The University of Duisburg-Essen (UDE) was hit hard by a successful ransomware attack from the Vice Society cyber criminal group. The attack, which occurred in November 2022, has forced the university to completely rebuild its IT infrastructure, a process that is still ongoing.
The University, which was formed in 2003, is the result of the merger of two preceding universities: the Gerhard Mercator University of Duisburg and the University of Essen. It is considered the top German university in the field of physics.
UDE confirmed that they are aware that the threat actors published the stolen data and stated that they will not be paying a ransom. They also said that the cyber attack has impacted 1,200 servers and compromised the central authorization system, so restoring all of these would be impractical.
The attack on UDE, which has 43,000 students, 4,000 academic staff, and 1,500 administrative staff, highlights the ongoing threat of ransomware attacks and the importance of having a well-trained user-base that knows how to spot malicious cyber attacks before they cause damage.
In a 2019 interview, the CISO of UDE, Marius Mertens, discussed the successful mitigation of a ransomware attack. He highlighted the importance of the university’s supercomputer, which ranked among the top 500 in Europe, and explained that disruption to its operations would result in significant financial losses.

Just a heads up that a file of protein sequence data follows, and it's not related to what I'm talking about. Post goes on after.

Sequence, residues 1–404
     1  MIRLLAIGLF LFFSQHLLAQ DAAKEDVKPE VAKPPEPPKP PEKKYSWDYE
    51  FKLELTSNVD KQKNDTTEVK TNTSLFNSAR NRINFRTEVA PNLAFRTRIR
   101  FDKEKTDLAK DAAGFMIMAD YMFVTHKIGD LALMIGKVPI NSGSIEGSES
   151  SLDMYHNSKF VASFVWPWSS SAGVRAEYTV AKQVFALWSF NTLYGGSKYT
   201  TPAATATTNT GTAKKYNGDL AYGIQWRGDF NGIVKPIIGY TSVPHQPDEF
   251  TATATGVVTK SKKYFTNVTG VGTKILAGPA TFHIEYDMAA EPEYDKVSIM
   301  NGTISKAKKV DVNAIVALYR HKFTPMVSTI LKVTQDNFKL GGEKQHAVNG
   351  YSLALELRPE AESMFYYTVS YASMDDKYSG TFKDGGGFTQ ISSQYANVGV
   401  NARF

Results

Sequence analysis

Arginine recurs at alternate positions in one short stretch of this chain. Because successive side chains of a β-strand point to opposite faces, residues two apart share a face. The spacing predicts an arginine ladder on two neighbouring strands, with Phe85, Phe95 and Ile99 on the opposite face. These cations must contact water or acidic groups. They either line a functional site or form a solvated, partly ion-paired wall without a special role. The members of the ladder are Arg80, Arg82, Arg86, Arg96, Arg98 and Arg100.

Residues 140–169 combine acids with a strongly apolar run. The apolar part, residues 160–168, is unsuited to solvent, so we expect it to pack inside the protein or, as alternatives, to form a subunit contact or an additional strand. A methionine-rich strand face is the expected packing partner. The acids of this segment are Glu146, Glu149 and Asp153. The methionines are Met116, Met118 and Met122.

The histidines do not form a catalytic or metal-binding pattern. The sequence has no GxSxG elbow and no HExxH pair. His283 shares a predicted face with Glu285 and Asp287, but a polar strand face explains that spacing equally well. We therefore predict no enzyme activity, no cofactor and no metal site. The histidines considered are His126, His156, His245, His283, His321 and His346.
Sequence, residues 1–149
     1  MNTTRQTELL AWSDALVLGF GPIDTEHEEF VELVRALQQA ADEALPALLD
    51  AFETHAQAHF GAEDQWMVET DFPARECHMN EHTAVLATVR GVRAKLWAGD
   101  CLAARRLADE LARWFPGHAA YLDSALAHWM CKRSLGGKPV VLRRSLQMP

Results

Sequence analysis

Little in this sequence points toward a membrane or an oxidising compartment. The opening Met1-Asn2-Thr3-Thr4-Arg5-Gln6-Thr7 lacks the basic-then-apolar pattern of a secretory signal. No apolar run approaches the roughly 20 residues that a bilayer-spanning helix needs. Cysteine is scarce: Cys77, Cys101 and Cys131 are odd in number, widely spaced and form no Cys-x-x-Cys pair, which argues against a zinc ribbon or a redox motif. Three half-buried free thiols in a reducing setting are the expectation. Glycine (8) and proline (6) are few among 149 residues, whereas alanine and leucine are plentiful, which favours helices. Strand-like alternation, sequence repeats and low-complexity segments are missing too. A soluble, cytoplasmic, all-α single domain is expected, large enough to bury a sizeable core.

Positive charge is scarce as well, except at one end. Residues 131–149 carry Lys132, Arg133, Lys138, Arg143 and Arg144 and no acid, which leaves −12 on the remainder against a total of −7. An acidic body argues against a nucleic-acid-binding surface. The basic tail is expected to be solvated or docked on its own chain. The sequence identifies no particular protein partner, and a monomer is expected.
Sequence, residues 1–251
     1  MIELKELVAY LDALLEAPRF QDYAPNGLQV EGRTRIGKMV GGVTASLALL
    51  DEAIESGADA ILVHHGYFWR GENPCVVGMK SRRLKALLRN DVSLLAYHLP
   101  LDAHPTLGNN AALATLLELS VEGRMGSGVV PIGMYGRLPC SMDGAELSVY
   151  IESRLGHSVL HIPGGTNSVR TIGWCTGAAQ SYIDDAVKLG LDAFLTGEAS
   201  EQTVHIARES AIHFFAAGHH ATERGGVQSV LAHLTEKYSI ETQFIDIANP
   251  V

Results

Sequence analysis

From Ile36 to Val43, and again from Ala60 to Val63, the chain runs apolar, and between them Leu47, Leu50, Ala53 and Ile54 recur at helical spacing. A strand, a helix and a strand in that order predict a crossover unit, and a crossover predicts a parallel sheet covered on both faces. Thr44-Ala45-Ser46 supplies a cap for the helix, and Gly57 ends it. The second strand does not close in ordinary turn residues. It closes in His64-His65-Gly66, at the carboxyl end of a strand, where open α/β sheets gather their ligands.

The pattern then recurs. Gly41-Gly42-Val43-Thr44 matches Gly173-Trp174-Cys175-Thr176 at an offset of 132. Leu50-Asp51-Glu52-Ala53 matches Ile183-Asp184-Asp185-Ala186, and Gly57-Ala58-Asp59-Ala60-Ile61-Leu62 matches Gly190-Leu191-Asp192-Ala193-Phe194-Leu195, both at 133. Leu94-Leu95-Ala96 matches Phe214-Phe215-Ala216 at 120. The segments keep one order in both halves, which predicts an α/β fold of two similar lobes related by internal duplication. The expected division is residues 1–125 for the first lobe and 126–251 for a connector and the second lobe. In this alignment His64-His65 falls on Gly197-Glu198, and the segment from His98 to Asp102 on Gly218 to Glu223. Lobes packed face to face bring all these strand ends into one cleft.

“A downtime would entail huge costs when converted to the price tag of the lost CPU hours. For example, losing CPU hours for one week would cost us €75,000,”Marius Mertens, CISO – University of Duisburg-Essen (UDE)
A primary factor in the importance of this training is that a large majority of attacks like these begin with a successful spear phishing attack. Therefore, it is of vital importance that your users can spot these attacks before they harm your organisation. This can be achieved by providing regular cybersecurity training and simulated phishing exercises to all employees.
Phishing Tackle offers a free 14-day trial to help train your users to avoid these types of attacks and test their knowledge with simulated attacks using various attack vectors. By focusing on training your users to spot these types of attacks, rather than relying solely on technology (none of which can spot 100% of phishing emails), you can ensure that your organisation is better prepared to defend against cyber threats and minimise the impact of any successful attacks.